Simply put, preventive maintenance leads to significant cost savings and a meaningfully improved guest experience. Regarding costs, one of the best ways to reduce hotel capital expenditures is to implement a preventive maintenance (PM) program. Such a program will help you extend the lives of your assets, anticipate upcoming maintenance needs, and define all preventive maintenance steps, building rounds, and scheduled activities necessary to minimize surprise breakdowns and ensure your facility is in peak condition for your guests.
We frequently hear from hotel managers who are hesitant to jump on board with implementing a proper PM program because of the upfront investment and effort required. However, it’s been proven that regularly performing PM produces long-term savings that end up paying for the initial investment over and over again. A study conducted by the U.S. Department of Energy estimates that from a pure cost standpoint, on average, preventive maintenance programs deliver 12% to 18% cost savings over reactive maintenance programs. “There is little doubt,” the study goes on to say, “that many facilities purely reliant on reactive maintenance could save much more than 18% by instituting a proper preventive maintenance program.” These savings come in the form of longer asset lives and improved energy efficiency, among other, perhaps, less obvious sources.
To illustrate the cost savings that can be produced by instituting a proper preventive maintenance program, lets take a closer look at one piece of equipment: the chiller.. A study performed by Jones Lang lasalle estimates that a centrifugal chiller, which costs more than $300,000, would last 23 years if maintained through proper PM but only 15 years if PM is not performed. That’s more than a 50% increase in the chiller’s estimated useful life. And that’s just one piece of equipment! Mulitply those savings over multiple chillers and multiple properties, and you’ll start to get an idea of the savings a proper PM program can generate for your hotel portfolio. By streamlining your hotel’s maintenance and scheduling repairs your assets will have a longer life span and you will save a ton of money in the long run.
Preventive maintenance (PM) is also critical in ensuring that the building’s equipment is running at optimal performance and energy efficiency. If your equipment is not performing optimally, you are not only jeopardizing the comfort and experience of your hotel guests, but you are also facing the consequences every month on your energy bill. Building operation and maintenance programs specifically designed to enhance the operating efficiency of the HVAC and lighting systems, for instance, can save 5% to 20% on the energy bill without significant capital investment. Completing a PM step like thoroughly cleaning the coil in a refrigeration unit will not only allow the unit to cool better but will also reduce the energy bill and prolong the life of the equipment – giving you a multitude of cost savings. Because of this, many companies choose to include tasks in their normal PM checklists that validate that these and other types of equipment are operating as efficiently as possible.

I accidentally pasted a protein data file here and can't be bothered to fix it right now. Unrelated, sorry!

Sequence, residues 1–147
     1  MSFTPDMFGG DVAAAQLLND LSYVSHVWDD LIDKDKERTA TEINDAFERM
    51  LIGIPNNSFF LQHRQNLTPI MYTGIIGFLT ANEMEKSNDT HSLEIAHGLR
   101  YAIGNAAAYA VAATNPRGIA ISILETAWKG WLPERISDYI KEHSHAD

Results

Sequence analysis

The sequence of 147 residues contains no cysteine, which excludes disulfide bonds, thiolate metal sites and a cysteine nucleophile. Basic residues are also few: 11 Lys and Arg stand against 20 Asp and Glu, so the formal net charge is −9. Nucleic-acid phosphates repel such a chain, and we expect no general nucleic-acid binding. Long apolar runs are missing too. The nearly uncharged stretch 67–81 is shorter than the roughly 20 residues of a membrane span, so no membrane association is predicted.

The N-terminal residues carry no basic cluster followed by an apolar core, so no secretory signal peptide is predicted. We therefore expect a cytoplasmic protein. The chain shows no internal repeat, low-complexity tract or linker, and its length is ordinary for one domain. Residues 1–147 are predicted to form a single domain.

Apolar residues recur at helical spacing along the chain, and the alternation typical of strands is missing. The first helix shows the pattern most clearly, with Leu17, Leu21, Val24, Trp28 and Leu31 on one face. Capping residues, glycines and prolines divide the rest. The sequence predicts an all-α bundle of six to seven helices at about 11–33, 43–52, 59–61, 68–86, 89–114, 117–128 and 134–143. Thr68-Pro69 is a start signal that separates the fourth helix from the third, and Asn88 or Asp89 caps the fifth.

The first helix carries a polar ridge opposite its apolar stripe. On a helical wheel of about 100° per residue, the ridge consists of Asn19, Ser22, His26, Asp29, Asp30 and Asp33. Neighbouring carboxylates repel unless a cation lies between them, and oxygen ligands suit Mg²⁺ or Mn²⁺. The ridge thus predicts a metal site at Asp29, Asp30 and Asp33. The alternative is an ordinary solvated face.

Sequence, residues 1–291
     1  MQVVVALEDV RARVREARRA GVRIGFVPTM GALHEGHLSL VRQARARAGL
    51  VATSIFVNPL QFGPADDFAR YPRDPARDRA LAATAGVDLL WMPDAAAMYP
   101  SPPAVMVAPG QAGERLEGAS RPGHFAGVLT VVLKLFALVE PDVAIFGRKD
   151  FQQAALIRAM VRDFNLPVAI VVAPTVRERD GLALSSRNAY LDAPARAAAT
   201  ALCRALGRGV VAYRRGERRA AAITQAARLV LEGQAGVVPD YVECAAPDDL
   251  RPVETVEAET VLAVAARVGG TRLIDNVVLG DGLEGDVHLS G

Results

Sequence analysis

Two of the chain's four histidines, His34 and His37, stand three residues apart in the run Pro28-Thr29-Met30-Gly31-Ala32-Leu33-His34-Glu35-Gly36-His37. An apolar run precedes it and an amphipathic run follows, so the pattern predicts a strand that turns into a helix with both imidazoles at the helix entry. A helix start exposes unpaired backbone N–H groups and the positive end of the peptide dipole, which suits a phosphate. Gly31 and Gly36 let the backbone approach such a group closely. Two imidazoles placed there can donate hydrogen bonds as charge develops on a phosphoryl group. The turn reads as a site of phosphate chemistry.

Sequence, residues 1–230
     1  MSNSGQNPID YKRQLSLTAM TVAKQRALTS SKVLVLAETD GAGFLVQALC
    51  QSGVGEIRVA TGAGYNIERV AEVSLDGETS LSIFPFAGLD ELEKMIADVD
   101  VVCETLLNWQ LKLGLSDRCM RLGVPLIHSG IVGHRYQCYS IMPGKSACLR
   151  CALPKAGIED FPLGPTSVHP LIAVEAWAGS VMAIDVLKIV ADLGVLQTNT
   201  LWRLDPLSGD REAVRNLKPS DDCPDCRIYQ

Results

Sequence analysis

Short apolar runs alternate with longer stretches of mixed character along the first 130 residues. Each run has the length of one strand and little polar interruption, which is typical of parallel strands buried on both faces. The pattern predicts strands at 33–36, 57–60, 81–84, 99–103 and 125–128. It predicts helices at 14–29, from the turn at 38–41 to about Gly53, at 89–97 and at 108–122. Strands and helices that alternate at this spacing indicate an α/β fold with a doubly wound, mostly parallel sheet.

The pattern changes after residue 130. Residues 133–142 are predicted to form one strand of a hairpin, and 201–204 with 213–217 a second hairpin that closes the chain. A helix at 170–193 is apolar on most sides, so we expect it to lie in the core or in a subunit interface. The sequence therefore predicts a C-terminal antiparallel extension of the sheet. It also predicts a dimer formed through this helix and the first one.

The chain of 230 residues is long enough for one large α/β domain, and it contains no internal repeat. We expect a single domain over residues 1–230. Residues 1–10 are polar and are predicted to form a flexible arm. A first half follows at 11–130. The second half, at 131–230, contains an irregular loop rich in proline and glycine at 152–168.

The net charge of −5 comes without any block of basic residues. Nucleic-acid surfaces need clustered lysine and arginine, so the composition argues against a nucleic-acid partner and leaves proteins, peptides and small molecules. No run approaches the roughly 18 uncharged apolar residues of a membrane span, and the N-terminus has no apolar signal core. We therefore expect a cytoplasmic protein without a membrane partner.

Reactive maintenance, or waiting for something to go wrong or breakdown, can also become extremely costly when critical equipment fails. This typically happens at the worst possible time. For example, the cost of a total HVAC failure in a hotel ballroom or meeting room would be huge. We are talking upwards of tens of thousands of dollars in rebates and potentially loosing future business. Often times the staff on property don’t have the skills or qualifications to repair the equipment and someone else gets called in generating yet another expense.
Relying on reactive maintenance is a gamble - not only with your hotel’s budget, but also with your hotel’s reputation. Any hotel that is not performing regular preventive maintenance is undoubtedly paying the price in shorter asset lives, an inflated energy bill, and a a suboptimal guest experience. And let’s face it, no one likes a huge surprise expense falling in their lap when they least expect it.
Now, setting up and executing on a good PM program requires time, resources, and effort; PM checklists, task lists, users, and schedules must be created and configured to suit your organization, and sufficient labor must be allocated to complete the monthly, quarterly, semi-annual, and annual PM, but the benefits of all of this effort significantly outweigh the costs. If your hotel is still gambling with a purely reactive maintenance program, it might be time to make some changes.